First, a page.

Wednesday, March 15, 2017

The Three Shadows (Escalating Inventions)

Fantastic genres usually work via escalating inventions: they show you a star destroyer at the beginning and the Death Star in the middle and a multi-starship fight on the Death Star at the end.

Sci-fi and fantasy settings (and the kind of sci fi and fantasy stories where the whole story is within one of those settings) generally put the inventions right up front. The first scene has something our world doesn't: a wizard, a Hobbit-hole, whatever. The inventions here are often things you could make a toy out of --they are objects, creatures, buildings. They are things.

Horror typically does not work that way. A lot of game masters who are very comfortable with sci-fi and fantasy aren't sure how to do horror and one reason is the inventions are more ephemeral, rely more on techniques specific to the medium they are in (word choice, pacing, lighting, camera angles etc) and depend less on invented things than invented events or situations.

Simply: a dragon puts you firmly in fantasy. A vampire doesn't quite get you to horror without some other stuff.

Horror involves, unsurprisingly, the deployment of horrific inventions, but what makes them scary is the way they're deployed. There are basically three kinds of inventions in horror and they generally appear in a strict order.

When you're laying out a horror scenario, here are some things to plan beforehand:

1. Unsettling Things

The first strange invention in a horror story is usually unsettling, but that's it. It's not gory, elaborate, or necessarily supernatural it's just off.

The camera pans across a burned district, every home a pile of incinerated trestle-work, bent crosses and blackened furniture, and then, somehow, in the middle of all of this, one lone home utterly untouched--green lawn, painted shutters.

The unsettling thing is usually the intimation of a problem (like Jack's manuscript in The Shining), a clue (the way the old Count refers to the wolves howling as music, the lights flickering in Stranger Things) or just moody symbolism (the deer in Get Out), but the players don't know which at the time. The unsettling invention makes you go: what happened here? The ambiguity adds to the mystery.

The more unsettling things you can think of, the more it becomes a psychological horror story (Rosemary's Baby barely moves past The Unsettling, David Lynch's films live there). The more of them actually end up being explained by the resolution the more satisfying it is as a mystery story.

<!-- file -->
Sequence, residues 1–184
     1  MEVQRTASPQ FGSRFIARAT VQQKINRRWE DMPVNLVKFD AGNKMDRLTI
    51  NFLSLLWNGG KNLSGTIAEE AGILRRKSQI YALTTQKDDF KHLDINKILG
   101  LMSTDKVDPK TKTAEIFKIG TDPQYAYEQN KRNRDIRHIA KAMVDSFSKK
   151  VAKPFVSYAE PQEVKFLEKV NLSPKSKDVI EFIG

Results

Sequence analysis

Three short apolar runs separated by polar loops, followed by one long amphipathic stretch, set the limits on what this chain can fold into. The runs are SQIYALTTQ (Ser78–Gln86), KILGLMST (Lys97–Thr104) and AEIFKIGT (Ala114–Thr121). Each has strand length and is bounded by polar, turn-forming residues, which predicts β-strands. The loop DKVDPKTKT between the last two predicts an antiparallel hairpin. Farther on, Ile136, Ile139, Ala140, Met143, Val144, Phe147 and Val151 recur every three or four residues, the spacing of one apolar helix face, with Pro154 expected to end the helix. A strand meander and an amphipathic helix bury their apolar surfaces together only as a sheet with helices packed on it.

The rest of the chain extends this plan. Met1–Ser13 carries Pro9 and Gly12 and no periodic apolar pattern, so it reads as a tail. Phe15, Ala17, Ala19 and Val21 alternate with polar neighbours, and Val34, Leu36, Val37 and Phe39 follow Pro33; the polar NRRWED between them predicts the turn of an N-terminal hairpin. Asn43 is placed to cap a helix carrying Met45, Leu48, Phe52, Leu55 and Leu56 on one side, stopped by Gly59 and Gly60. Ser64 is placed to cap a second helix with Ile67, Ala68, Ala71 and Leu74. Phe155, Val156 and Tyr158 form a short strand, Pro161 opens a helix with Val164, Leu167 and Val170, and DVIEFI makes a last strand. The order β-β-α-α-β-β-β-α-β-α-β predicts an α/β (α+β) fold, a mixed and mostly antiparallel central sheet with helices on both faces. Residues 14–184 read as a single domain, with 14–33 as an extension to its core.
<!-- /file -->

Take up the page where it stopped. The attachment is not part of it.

In game-mastering terms: it is good to think of an opening unsettling image. That is--as much as a monster or npc--something you have to invent before you begin running your players through a scenario. If you can't think of anything better, a bizarrely-injured corpse is as durable a standby as meeting in a tavern.

Speaking of corpses...

2. The Effects

This kind of invention is often the Big Moment in a horror movie, and frequently a place for body horror and/or gore. Whatever the menace is, it's gotten to a victim and, more importantly, gotten to them in a distinctive way. The chest-burst in Alien, the head explosion in Scanners, the guy nosebleeding and freaking out in Get Out, the swimming pool in Let The Right One In, the various gurgling lunatics in Lovecraft stories.

The important idea here is: the terrifying display of the menace's effect on the world is in itself a horror and a thing to invent, as much as the creature itself. If you can see it before you actually see the menace, you ratchet up the tension.

You don't need many of these--one good one will get you all the dramatic juice you need. But you can do more--the more you do, the more story becomes a gore or survival-horror type situation. Scenarios which emphasize panic but don't spiral toward any specific monster image--like Suspiria or Carrie--can rely a lot on these.

3. The Menace

This invention is the most similar to what you'd get in any game--this is the monster. It can also be a person, a group of people, a place, even (in the case of Carrie) a special effect, whatever, the point is the whole situation has been building toward this and it better be scary.

The best advice I can give a GM on this score is that the menace at this point has to have some kind of unexpectedness about it. A typical heroic tale can get away with a final showdown with a guy you knew would be trouble all along, whereas in horror there has to be some sort of element of reveal to it. The dad turning out to be a vampire in Lost Boys, the impossible rooms in The Shining, the full scale of the creature in Alien. Save something for that last scene.



Adamantyr said...

Robert E. Howard's Conan story "The God in the Bowl" seems to me to be a perfect fit to the unsettling (dead body murdered in a weird way), the menace (the open bowl, the mysterious black pipe on the ceiling) and the menace... (the inhuman face that Conan confronts)

Adamantyr said...
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JDsivraj said...

I have to wonder if level based RPG games don't embody a structure that is the three shadows in their very DNA. But do do it right the GM has to know this.